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S. W. Cousins, K. G. Csaky, Ophthotech Study Group; Patterns of CNV Fluorescein and Indocyanine Green Angiographic Regression Responses After Anti-VEGF Monotherapy or Anti-VEGF Plus Anti-PDGF Combotherapy. Invest. Ophthalmol. Vis. Sci. 2009;50(13):1261.
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© ARVO (1962-2015); The Authors (2016-present)
Anti-VEGF monotherapy for neovascular AMD (NVAMD) typically causes stabilization of CNV lesion size and leakage. Development of anti-PDGF pegylated aptamer (Ophthotech E10030) is based on using targeted combination therapy to regress CNV by simultaneously blocking angiogenesis with anti-VEGF and "stripping away" the pericytes from the incipient vessel with anti-PDGF. We sought to compare the fluorescein angiographic (FA) and dynamic indocyanine green angiographic (ICGA) patterns of CNV regression responses in eyes receiving either anti-VEGF monotherapy with or without anti-PDGF combotherapy.
A retrospective review was performed of 20 cases of NVAMD in which 2-3 doses of intravitreal anti-VEGF monotherapy successfully induced anatomic improvement by OCT. These eyes were compared to 13 eyes of patients in a phase 1 study of combotherapy with monthly intravitreal ranibizumab (up to 3 doses) plus intravitreal anti-PDGF aptamer (at least one but up to 3 doses). Eyes were imaged by FA pretreatment and at various times post treatment. Many eyes were also imaged by dynamic ICGA (Spectralis, Heidelberg). Angiograms were evaluated to assess the changes in lesion size and vascular perfusion.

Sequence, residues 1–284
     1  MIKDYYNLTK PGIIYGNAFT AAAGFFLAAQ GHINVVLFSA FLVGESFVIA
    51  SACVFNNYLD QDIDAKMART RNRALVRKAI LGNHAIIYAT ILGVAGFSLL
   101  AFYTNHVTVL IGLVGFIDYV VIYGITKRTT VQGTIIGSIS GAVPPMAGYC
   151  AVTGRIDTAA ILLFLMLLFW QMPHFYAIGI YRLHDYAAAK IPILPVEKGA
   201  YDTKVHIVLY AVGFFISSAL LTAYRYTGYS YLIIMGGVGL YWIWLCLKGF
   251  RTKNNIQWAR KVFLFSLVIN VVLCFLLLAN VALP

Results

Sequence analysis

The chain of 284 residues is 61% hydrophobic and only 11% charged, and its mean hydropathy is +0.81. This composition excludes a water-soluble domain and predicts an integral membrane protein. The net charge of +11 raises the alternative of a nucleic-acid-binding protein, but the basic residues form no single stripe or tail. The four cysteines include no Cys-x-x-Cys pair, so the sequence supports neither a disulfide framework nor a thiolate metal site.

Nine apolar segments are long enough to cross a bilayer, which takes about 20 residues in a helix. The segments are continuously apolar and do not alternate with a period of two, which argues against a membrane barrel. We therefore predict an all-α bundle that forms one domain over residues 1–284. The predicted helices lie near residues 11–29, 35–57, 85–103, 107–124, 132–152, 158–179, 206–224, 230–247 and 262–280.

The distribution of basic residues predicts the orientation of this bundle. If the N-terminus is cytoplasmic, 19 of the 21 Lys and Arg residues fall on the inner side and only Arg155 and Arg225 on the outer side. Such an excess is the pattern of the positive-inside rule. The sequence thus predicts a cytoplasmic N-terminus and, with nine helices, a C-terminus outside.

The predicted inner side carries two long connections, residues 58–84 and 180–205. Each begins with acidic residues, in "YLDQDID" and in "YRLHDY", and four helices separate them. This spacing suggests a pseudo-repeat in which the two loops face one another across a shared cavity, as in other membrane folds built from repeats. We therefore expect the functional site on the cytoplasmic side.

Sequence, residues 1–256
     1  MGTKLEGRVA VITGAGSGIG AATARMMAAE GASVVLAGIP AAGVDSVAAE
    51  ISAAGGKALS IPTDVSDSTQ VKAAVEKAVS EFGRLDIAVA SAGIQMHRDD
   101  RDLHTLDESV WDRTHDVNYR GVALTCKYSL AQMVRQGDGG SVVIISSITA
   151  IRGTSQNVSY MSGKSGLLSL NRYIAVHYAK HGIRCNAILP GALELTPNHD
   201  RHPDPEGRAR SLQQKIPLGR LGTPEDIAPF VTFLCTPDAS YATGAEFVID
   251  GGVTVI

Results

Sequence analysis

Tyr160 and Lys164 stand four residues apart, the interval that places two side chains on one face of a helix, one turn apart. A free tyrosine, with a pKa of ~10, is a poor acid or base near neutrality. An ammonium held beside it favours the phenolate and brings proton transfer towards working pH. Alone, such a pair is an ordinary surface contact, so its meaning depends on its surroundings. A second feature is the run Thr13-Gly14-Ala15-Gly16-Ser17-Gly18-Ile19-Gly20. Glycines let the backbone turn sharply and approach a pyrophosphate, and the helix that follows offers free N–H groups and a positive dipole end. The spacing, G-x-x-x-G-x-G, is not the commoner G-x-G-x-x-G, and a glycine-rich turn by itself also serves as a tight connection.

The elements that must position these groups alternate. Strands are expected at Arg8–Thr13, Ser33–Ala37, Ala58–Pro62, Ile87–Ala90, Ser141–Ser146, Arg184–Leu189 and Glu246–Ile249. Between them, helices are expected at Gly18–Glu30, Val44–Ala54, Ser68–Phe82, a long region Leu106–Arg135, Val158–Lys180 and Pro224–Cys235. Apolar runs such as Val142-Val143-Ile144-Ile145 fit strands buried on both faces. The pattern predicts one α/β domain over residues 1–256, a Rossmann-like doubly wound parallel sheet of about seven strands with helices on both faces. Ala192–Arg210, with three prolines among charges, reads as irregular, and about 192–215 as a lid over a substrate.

Three angiographic patterns of "OCT successful" responses to treatment were observed. (1) Stable inactivity was characterized by FA with stable lesion size and uniform low grade fluorescein hyperfluorescence (staining) of the CNV. ICGA typically demonstrated persistence of feeder arteries with branching arterioles. (2) Vascular regression demonstrated FA with stable CNV area but shrinkage of area of fluorescein staining. ICGA demonstrated disappearance of homogenous capillaries and small branching arterioles. (3) Lesion regression was characterized by partial to nearly complete disappearance of both the CNV lesion and hyperfluorescent staining. Persistent hypofluorescence in the bed of the CNV was often present. ICGA revealed significant disappearance of most vascular components. Partial or extensive lesion regression occurred in 85% (11 of 13 eyes) treated with anti-PDGF combotherapy compared to only 20% (4 of 20 eyes) treated with anti-VEGF monotherapy. In contrast, stable inactivity was observed in only 15% (2 of 13 eyes) treated with combotherapy versus 55% (11 of 20 eyes) treated with anti-VEGF monotherapy.
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